I seem to recall using this title before. Let’s face it, I’m either getting too old to remember everything or have too many things I need to remember and am running out of space. Too bad I can’t just empty the trash and be rid of things I no longer need.
One of my professors just pointed out something I need to remember about health claims: the difference between “science-based” and “evidence-based”. The former means something is plausible, a conclusion based on the possibility of efficacy based on in vitro studies, animal studies, or simply deduced from the pathophysiology. We might consider this anecdotal. But definitely not conclusive. The latter is based on repeated testing (preferably randomized, placebo-controlled trials) which has resulted in a consensus of the efficacy. This is very important to consider when recommending anything for a client or patient, and the difference between simply Googling for answers and spending hours upon hours researching a product, treatment, or regimen.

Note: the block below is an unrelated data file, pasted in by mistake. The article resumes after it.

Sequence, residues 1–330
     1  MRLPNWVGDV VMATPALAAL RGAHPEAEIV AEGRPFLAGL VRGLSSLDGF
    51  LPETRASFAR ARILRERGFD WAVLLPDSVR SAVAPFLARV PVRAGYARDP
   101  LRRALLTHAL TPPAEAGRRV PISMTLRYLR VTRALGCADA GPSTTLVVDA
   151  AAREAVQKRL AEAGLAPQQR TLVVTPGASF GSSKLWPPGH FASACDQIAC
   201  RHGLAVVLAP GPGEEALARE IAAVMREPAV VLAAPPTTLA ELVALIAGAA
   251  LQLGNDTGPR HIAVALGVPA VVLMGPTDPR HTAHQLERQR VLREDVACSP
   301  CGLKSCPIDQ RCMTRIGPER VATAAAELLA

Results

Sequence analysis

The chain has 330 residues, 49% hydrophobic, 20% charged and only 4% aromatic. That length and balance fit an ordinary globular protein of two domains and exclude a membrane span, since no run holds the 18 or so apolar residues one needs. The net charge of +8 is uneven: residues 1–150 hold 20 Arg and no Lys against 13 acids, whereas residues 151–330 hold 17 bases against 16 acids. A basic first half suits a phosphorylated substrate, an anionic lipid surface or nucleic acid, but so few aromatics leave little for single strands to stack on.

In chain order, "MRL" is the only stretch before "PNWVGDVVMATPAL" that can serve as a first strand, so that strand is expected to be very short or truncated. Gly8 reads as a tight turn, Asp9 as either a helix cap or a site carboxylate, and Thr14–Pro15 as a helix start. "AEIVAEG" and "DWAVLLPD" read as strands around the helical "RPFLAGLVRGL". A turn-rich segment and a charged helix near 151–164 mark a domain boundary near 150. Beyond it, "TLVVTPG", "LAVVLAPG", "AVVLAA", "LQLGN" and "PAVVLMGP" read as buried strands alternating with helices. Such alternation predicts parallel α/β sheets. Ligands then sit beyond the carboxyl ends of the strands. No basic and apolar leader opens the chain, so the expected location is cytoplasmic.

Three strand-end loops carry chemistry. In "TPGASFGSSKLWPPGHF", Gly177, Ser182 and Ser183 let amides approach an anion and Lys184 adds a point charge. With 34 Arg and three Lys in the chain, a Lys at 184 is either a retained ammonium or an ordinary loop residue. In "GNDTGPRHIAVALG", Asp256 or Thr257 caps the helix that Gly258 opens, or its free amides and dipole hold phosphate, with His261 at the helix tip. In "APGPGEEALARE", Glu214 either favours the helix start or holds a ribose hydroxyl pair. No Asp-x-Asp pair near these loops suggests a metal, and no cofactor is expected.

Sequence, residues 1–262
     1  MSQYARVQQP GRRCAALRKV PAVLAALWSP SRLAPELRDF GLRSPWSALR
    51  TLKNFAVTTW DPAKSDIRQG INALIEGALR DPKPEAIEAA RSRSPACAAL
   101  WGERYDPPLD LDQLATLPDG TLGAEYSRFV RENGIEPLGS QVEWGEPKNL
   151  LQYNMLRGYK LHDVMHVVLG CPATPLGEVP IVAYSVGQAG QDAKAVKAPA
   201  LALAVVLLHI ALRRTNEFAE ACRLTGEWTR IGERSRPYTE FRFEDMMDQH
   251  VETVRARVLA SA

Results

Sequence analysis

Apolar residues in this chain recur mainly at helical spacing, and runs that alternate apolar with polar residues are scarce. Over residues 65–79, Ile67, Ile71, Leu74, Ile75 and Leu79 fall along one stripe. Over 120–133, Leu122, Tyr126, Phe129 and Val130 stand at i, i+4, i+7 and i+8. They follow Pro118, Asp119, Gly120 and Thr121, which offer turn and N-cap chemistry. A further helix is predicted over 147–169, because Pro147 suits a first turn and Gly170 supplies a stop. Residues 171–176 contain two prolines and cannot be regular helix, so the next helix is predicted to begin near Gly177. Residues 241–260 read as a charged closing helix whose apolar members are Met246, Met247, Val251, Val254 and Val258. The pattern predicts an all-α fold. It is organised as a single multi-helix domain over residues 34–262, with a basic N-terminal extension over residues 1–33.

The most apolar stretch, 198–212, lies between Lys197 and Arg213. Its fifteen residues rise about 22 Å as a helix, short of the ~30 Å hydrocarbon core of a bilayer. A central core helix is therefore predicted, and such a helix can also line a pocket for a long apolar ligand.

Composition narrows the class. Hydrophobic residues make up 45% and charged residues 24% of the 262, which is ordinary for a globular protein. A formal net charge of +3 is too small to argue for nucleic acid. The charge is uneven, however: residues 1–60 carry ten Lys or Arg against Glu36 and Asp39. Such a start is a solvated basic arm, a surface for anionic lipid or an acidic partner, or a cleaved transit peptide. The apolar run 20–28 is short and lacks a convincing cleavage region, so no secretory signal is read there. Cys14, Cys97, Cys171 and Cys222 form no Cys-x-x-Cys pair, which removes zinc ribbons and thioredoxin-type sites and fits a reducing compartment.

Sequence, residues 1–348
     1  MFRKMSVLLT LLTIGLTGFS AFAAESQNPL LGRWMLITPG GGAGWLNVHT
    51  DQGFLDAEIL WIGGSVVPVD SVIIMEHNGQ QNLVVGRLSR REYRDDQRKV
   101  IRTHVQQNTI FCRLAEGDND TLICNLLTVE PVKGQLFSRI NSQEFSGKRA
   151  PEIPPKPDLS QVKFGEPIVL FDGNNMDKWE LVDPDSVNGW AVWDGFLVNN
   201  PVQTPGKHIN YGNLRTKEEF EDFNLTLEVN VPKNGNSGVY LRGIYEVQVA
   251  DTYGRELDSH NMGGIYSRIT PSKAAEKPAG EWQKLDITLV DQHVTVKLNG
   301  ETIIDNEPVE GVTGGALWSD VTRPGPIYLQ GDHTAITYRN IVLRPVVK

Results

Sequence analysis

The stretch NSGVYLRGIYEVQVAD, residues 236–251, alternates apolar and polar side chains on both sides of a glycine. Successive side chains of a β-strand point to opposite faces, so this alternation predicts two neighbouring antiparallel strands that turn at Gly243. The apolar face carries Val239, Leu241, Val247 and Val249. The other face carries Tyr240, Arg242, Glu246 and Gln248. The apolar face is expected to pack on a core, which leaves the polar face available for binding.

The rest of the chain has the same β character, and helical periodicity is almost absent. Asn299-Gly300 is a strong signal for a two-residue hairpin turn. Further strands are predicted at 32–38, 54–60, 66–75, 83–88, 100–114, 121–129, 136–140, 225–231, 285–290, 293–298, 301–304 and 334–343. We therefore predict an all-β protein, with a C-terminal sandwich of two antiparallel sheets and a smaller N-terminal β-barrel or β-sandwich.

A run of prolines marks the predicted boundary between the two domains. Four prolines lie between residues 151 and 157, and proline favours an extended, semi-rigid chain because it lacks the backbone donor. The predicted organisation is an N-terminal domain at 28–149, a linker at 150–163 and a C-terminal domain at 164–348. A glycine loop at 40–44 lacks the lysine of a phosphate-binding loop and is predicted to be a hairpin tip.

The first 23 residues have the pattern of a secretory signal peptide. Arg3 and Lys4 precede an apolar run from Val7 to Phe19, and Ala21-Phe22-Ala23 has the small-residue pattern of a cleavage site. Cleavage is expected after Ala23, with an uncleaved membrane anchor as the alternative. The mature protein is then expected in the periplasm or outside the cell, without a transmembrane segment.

Being in the fitness industry, I hear a lot of anecdotal recommendations. I feel as though this industry is wrought with individuals who are always stepping beyond the threshold of what the scope of practice should be. They mean well, but without proper research behind what they’re recommending, they could be doing more harm than good because health and wellness is not one size fits all. One important concept I’ve learned, which even experts tend to rely, is to try and step away from a reductionist approach. In other words, recognize that the human body is a complex interaction of systems which is affected by one’s environment, and therefore any recommendations should be taken on with a more holistic approach rather than a linear “cause and effect” that tends to coincide with reductionism. Easier said than done when we always want answers. After all, a single line is much easier to follow, even when meandering, than a giant web of possibilities.